SFQC is around 49 days long and reevaluates a Candidate's land navigation skills as well as leadership abilities during patrol scenarios. Before advancing to SFQC candidates must attain a Secret security clearance.

SFMOSQ is by far the longest phase, taking up to 59 weeks to complete. During this phase the Candidate receives specialized training for his MOS. There are five primary Military Occupational Specialties in the Special Forces:

18A - Detachment Commander - Open only to officers, the 18A course requires the officer candidate meet eligibility criteria for Top Secret security clearance. The course lasts 26 weeks and covers mission planning and leadership as well as cross training into the 18B and 18D MOSs.

18B - Weapons Sergeant - The 18B course lasts 26 weeks and consists of small unit tactics, anti-armor weapons, U.S. and foreign light weapons, indirect (mortar) fire operations, man portable air defense weapons, and weapons emplacement.

18C - Engineer Sergeant - 26 weeks long, the 18C course provides demolition, construction, and fortification training as well as familiarization with foreign, civilian, home-made and military explosives.

18D - Medical Sergeant - The longest of the Special Forces MOS courses, the 18D course last 59 weeks and is conducted at The Academy of Health Sciences at Ft. Bragg, NC. Severe trauma management and triage, surgical and dental procedures, sanitation and food preparation, and basic obstetrics and vetrinary skills are all covered in this course.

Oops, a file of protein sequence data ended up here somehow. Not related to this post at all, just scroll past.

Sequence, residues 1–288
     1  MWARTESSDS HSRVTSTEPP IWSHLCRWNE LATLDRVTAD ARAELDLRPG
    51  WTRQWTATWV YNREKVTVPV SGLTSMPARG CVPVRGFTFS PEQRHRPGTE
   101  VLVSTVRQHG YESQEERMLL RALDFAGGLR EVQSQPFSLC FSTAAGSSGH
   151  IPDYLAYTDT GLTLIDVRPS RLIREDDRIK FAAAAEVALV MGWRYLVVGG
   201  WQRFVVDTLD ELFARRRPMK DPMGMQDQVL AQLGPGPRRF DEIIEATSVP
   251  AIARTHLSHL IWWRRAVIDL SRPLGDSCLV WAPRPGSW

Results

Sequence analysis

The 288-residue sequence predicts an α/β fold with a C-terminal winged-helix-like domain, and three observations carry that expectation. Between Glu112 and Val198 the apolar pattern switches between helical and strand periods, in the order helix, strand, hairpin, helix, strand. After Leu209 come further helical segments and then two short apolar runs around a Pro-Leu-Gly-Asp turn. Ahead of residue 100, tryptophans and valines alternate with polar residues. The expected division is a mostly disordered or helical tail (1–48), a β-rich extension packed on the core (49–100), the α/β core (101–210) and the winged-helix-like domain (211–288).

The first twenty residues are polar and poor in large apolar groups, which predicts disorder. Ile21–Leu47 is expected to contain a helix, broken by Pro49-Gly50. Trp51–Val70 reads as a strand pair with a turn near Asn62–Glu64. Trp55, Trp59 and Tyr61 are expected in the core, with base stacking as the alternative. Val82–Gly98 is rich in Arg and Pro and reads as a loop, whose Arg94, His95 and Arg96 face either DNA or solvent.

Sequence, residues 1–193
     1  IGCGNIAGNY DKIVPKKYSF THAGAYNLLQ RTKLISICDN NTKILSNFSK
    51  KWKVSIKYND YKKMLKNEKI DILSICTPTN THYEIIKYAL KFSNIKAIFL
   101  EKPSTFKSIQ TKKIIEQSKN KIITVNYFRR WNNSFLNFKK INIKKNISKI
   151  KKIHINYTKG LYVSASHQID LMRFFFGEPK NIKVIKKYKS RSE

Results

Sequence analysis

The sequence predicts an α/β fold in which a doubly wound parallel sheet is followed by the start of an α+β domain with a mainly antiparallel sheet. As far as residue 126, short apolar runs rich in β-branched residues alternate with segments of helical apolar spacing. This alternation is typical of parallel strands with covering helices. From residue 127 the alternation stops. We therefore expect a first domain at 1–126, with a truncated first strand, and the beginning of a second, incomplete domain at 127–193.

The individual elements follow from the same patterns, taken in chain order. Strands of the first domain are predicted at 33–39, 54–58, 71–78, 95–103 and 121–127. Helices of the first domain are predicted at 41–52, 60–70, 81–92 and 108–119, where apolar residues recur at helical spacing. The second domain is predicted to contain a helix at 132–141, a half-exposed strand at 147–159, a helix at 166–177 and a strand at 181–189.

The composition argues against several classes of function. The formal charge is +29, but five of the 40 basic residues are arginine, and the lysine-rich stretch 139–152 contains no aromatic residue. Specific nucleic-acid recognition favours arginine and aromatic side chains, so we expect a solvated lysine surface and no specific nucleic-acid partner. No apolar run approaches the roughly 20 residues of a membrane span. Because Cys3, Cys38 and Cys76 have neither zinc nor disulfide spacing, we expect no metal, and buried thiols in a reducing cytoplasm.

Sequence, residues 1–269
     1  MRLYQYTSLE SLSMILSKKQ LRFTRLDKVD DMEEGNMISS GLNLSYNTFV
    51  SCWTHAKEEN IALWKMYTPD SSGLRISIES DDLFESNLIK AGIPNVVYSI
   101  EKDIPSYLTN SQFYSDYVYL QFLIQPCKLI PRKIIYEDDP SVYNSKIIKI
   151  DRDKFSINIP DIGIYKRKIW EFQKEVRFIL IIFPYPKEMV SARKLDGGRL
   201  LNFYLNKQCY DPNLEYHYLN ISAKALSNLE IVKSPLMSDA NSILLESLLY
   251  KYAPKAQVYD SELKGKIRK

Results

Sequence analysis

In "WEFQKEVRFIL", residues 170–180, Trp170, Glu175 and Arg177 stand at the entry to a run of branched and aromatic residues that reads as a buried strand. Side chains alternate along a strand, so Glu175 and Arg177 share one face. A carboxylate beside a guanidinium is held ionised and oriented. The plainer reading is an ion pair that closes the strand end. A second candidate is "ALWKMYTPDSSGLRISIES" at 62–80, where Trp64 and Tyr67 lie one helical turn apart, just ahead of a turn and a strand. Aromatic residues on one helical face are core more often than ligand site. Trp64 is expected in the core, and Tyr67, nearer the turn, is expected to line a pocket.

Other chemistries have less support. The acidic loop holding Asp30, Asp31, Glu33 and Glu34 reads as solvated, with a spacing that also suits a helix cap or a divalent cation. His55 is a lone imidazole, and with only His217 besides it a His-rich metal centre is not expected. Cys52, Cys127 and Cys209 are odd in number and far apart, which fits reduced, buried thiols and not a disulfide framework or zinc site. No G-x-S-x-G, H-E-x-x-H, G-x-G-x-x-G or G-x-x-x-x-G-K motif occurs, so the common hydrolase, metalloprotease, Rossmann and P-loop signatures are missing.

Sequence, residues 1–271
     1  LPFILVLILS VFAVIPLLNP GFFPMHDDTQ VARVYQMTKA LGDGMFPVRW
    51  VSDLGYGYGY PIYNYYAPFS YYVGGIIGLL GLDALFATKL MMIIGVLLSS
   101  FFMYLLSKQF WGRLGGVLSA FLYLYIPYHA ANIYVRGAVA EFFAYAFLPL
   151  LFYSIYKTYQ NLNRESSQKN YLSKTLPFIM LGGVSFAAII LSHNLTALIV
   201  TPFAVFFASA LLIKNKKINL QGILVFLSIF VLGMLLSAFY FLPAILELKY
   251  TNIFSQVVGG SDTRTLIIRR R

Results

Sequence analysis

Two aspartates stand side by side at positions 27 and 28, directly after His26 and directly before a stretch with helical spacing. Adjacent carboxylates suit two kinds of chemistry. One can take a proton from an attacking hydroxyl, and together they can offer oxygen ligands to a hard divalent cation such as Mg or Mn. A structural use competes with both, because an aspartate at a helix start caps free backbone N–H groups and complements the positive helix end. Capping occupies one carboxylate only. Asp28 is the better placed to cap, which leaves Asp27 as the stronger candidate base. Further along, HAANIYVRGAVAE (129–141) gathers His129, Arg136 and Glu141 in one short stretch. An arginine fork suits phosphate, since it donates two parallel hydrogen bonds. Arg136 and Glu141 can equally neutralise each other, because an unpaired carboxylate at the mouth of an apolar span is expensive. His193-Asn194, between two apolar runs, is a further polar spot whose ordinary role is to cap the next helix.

18E - Communications Sergeant - 18E training covers high frequency and burst communications equipment, antenna theory, radio wave propagation, and SF communication operations procedures and techniques.

Robin Sage, the final phase, usually lasting 14 days, assesses a team consisting solely of candidates on its ability to function in a guerilla warfare environment pitting it against enemies made up of usually retired Special Forces soldiers and difficult scenarios such as dealing with indigenous resistence forces reluctant to accept the team as a valuble asset. It is boasted that close to 90% of candidates fail to complete Special Forces training.



The Tower of Power is a symbol of a soldier's experience and skill, showing that he has not only survived training in which the attrition rates are exceedingly high, but has said: "Thank you, sir. May I have another?" and gone back for seconds.



Thank you isogolem for pointing out my inadequacies with such poise.


http://www.nationalreview.com/babbin/babbin200311200838.asp
http://www-benning.army.mil/rtb/rtbmain.htm
http://www.benning.army.mil/rtb/RANGER/RgrSchoolPreparation.htm
http://www.bragg.army.mil/specialforces/SFQC.htm
http://www.users.globalnet.co.uk/~dheb/2300/NorthAmerica/US/USM/JRWUSSOf.htm